Within the Doukhobor communities, there were individuals known variously as svobodniki (free people), Sons of freedom or zealots, who resisted the state in terms of land ownership, public education, and the filling out of census data. They appear to have gotten their inspiration from Jean-Jacques Rousseau in his back-to-nature movement, from anarchists in opposing the state, and even from Lev N. Tolstoy who sought truth and the simple life to ensure an egalitarian society.

These zealots refused to adjust to the prevailing style of life in North America. Some of them became so vocal and extremist that they contradicted their historic roots of nonviolence and respect for ones neighbours. By going naked, releasing their 'brothers and sisters' horses and cattle in 1902, burning and bombing property (their own and others), experimenting with free marriage and sex, they essentially excluded themselves from the Doukhobor Movement. Their extremist antics were so sensational for the media and the public, that the group was condemned as a whole. A small group of warring zealots had in effect hijacked the larger peaceful group of Doukhobors.

The hippies were against war and social injustice, as have been the Doukhobors over the centuries.

The parallel to the hippie movement is closest to the extremist zealots, but there is a caveat which historians must take note. Burnings, bombings and nudity are not main-stream behaviours of Doukhobors. In fact, they are not Doukhobor in their true peaceful essence. To equate the Doukhobors as hippies is inaccurate.

What I see as the real lesson to Irena Gordeeva's question is that Doukhobors and hippies both questioned the right of the state to wage wars and instead sought an alternative society based on equality, nonkilling peace, justice and love. What attitudes the Doukhobors had in the 1960s and still have today require further study.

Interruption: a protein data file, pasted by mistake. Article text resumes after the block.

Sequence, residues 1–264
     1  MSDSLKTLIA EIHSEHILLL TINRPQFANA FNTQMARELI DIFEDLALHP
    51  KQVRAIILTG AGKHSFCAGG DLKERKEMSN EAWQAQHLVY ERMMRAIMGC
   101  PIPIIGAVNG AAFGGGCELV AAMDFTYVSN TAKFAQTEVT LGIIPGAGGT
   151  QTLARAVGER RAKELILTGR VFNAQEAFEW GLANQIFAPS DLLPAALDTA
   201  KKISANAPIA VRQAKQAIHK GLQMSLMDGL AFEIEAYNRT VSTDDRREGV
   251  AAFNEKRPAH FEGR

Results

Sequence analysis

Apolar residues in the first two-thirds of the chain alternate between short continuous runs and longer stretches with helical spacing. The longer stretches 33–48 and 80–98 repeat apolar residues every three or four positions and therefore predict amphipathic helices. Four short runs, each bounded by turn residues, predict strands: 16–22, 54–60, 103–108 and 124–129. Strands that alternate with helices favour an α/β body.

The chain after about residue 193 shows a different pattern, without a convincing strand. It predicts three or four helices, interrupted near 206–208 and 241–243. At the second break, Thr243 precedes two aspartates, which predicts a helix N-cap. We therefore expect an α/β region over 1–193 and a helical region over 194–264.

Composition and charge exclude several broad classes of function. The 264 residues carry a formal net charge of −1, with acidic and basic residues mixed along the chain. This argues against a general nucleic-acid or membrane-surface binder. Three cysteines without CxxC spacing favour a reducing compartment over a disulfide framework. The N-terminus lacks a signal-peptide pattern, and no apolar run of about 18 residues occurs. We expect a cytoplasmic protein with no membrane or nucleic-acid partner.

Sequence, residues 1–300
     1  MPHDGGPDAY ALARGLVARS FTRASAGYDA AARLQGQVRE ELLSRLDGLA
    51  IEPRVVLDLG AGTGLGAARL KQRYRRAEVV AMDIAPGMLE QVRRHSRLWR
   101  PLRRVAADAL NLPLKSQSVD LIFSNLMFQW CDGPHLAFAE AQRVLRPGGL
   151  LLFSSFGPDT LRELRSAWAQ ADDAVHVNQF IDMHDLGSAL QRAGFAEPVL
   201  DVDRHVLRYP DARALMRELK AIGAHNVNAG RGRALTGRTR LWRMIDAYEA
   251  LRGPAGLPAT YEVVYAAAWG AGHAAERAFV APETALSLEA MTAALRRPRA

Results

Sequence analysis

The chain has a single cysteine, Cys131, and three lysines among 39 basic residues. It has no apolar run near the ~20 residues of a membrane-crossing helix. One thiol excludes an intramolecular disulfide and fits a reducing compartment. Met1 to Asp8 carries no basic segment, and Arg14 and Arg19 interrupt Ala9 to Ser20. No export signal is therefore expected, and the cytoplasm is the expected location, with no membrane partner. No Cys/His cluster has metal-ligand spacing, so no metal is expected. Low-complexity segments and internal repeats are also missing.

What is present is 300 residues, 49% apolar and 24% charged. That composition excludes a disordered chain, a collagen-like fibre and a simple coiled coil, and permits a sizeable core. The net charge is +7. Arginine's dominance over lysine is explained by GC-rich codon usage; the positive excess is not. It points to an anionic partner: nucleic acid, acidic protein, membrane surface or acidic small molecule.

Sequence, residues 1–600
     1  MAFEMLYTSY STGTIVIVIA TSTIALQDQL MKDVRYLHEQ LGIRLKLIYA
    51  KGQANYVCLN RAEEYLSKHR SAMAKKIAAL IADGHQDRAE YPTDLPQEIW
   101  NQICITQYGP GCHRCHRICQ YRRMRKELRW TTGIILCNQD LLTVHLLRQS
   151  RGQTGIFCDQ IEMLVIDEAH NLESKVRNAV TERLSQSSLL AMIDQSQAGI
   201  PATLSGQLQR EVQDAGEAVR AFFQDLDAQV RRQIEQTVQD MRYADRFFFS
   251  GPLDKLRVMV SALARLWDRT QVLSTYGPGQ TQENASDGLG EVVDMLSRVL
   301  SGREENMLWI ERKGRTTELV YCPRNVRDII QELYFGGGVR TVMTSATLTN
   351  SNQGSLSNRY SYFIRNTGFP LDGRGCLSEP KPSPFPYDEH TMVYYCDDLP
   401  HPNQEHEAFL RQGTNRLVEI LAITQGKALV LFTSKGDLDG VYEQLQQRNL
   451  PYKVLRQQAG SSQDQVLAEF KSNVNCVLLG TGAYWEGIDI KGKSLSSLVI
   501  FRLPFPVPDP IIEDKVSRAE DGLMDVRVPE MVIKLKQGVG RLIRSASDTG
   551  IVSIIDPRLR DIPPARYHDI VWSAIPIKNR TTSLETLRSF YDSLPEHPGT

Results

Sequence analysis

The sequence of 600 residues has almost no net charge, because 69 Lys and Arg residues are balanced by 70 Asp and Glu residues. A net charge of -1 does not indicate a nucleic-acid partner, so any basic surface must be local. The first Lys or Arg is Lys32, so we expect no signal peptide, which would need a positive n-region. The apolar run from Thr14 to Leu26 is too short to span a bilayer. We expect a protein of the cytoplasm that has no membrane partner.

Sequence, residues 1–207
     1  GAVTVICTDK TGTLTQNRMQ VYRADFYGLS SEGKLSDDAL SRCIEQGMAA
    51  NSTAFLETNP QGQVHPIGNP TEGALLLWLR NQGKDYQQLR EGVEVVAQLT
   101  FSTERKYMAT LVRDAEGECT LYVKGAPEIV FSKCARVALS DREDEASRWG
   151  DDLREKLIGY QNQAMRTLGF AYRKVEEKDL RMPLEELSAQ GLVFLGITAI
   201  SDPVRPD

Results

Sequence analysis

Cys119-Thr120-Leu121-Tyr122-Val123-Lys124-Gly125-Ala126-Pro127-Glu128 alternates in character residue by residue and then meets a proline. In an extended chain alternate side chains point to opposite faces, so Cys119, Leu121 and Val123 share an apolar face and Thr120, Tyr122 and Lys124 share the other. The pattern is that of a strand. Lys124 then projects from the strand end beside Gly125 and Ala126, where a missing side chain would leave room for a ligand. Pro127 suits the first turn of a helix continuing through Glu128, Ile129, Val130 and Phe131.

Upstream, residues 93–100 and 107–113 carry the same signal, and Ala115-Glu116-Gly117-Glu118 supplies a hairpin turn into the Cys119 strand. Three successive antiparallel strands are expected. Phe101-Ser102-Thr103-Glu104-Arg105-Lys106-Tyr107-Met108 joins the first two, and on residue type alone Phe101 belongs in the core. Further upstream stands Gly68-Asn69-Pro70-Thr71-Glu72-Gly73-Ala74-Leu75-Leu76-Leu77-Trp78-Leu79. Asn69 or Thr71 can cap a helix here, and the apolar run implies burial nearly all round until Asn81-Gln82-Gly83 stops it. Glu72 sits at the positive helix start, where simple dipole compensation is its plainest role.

1. I was told when visiting the Slocan that older Doukhhobors had welcomed the draft-dodgers and other war resisters when they showed up in the 1960s; and were friendly to hippies of the back-to-the-land and vegetarian varieties; not told to me by a Doukhobor but by one of the American exiles who found a new home in that region.

  2. The Svobodniki/Freedomites and the Community Doukhbors had a rapprochement in the mid-1970s when the former swore and oath to never engage in violence ever again. According to the documentaries I've watched it was hard within Doukhobor-dom to distinguish between Freedomites and other Doukhobors, and that included by the police.

    I'm sure Ms Tarasoff has seen Larry Ewashen's video documentaries on youtube so as a non-Doukhobor but a Canadian concerned about his country's police actions against dissident groups, I'm greatly saddened and more than a bit disgusted by what was done to Doukhobor children; and from their upset emotions came the post-1960 bombings and burnings...I found this documentary on a case against the province of British Columbia in 2001 by survivors of the New Denver residential school; I don't know if it was ever resolved or was, like the death of Peter the Lordly, fully investigated.

    1. about the 1924 death of Peter the Lordly, this mid-1970s request that the files be opened was never answered, only evaded.

  3. I should like to add for Dr. Gordeeva's research that I remember well that large contingents from the Union of Spiritual Communities of Christ were at the front of Vancouver's immense Peace Marches in 1980, '81 and '82 and continue in peace organizations in BC to this day.